Study the environment from diverse perspectives

  • Wind Farm

The mission of the Environmental Studies major at Franklin & Marshall College is to train and nurture effective leaders, professionals, and environmentally literate citizens who possess a broad view and balanced background that a liberal arts education provides. The world needs more thinkers, writers, artists, scientists, entrepreneurs, policy makers, inventors, and educators with deep foundations in environmental knowledge and perspectives. Humans shape and are shaped by their environment, reflect upon it in works of art and literature, and depend upon it for every need. A source of beauty, meaning and inspiration, it demands our careful attention. Environmental Studies represents and epitomizes a liberal arts education; nothing less is required to meet the environmental challenges of the twenty-first century.

F&M’s Environmental Studies major, located in a traditionally strong natural science department, boasts depth in public policy and social sciences, with diverse offerings in the humanities. Our program highlights the intersections of human history and values with environmental change. Through the study of literature, writing, political science, business, history, law, and other fields, our students explore the complex interactions of physical and biological processes with cultural, political and economic forces.

Environmental Studies uses an interdisciplinary approach to study critical issues of our times, like global warming, ecotourism, and wilderness protection. Interaction with the Public Policy Program, the Wohlsen Center for the Sustainable Environment, the Local Economy Center, and various campus sustainability initiatives takes advantage of interest in the environment across the College community.

Study abroad is encouraged. Contacts with local, state, and national environmental professionals enhance the program, and generate possibilities for internships and employment.

Curriculum and Courses

Study of the Earth draws on all traditional disciplines.  As we learn how the Earth works, we must develop the means and the political will to manage it appropriately.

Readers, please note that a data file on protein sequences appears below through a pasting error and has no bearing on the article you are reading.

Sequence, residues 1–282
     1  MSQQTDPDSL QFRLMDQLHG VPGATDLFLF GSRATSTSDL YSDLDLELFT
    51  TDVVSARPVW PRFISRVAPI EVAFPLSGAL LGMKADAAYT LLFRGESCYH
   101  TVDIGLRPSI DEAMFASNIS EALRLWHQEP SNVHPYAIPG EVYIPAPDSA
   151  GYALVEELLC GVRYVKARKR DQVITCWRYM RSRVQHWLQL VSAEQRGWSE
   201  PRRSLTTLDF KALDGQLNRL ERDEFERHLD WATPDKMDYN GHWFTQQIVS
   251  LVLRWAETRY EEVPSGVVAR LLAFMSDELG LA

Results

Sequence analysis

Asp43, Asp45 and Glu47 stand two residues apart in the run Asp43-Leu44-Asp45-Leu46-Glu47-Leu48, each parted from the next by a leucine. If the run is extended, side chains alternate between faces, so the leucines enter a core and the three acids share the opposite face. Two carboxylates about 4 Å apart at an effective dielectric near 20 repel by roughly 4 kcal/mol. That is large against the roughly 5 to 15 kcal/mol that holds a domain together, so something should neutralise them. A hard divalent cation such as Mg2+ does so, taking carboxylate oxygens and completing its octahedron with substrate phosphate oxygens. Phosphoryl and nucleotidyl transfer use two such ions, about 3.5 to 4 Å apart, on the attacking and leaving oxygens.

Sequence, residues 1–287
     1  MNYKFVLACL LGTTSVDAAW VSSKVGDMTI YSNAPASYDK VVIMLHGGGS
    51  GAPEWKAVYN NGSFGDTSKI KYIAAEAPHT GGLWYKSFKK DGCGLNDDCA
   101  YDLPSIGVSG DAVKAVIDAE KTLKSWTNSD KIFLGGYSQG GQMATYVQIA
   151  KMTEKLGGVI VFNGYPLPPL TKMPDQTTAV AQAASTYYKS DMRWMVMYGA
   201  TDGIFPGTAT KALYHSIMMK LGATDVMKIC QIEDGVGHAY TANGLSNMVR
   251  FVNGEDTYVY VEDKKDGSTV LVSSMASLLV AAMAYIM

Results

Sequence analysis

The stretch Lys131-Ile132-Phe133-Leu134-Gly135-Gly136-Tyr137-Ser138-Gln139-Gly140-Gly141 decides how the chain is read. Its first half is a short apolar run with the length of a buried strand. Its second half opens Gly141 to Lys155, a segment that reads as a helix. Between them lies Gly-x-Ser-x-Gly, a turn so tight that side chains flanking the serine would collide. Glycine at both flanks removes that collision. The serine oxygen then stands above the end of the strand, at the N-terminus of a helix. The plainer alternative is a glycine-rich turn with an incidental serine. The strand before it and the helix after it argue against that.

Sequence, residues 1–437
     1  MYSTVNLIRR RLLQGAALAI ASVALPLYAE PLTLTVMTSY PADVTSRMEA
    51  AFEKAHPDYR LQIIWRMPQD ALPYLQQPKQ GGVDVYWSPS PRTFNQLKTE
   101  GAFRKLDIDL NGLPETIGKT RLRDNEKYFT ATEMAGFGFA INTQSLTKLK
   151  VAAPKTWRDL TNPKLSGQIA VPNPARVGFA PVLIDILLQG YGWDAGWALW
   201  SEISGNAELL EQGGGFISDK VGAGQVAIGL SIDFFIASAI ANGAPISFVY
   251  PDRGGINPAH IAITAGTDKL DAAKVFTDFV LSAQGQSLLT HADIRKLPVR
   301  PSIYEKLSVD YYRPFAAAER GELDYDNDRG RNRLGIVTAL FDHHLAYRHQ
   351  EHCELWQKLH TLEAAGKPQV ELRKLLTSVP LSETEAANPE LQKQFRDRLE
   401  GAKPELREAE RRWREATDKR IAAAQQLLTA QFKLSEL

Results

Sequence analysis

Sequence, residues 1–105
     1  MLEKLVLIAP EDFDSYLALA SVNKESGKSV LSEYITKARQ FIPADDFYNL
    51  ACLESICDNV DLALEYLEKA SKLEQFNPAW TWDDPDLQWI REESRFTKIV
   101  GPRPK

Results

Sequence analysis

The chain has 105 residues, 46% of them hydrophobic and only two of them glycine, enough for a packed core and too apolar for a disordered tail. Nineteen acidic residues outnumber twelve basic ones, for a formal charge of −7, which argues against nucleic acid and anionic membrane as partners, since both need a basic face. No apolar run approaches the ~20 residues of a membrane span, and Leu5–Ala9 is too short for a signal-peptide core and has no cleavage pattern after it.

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The Pulse 
Story 3/2/2018

Ecological Justice: Indigenous Peoples, Mother Earth and...

Tom BK Goldtooth Executive Director of the Indigenous Environmental Network Indigenous prophecies tell us that life as we know it is in danger.  The ecological balance of the four elements of...

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Story 3/1/2018

Mother Earth and the Indigenous Rising to Defend Her

Tom B.K. Goldtooth, the leader of an organization that advocates for environmental, climate and economic justice, first greeted his Franklin & Marshall College listeners in his Native American tongue...

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Lessons from the 2016 Election: What We Got Right, What We Got Wrong, and What It Means for 2018 and Beyond
Story 1/19/2018

Lessons from the 2016 Election: What We Got Right, What We...

Stephen Medvic, The Honorable & Mrs. John C. Kunkel Professor of Government, Franklin & Marshall College

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Story 12/1/2017

​Seismic Station

F&M's seismic station gets a new home 

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Story 11/30/2017

National Monuments Need Protection, Environmental Studies...

Efforts by the current administration to reduce the number and size of U.S. national monuments are misguided, said Elizabeth De Santo, Franklin & Marshall assistant professor of environmental studies...

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Unraveling Teddy Rosevelt's Legacy
Story 11/30/2017

Unravelling Teddy Roosevelt's Legacy: America's National...

Elizabeth De Santo Assistant Professor of Environmental Studies Since its inception in 1906, the Antiquities Act has been used over 100 times to protect America's natural and cultural heritage...

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Story 11/9/2017

Captive Whales and Dolphins: Life Beyond Concrete Tanks

​Lori Marino, Ph.D. President of the Whale Sanctuary Project Since the release of the popular documentary Blackfish, of which Dr. Marino was featured, the public has become more aware of the...

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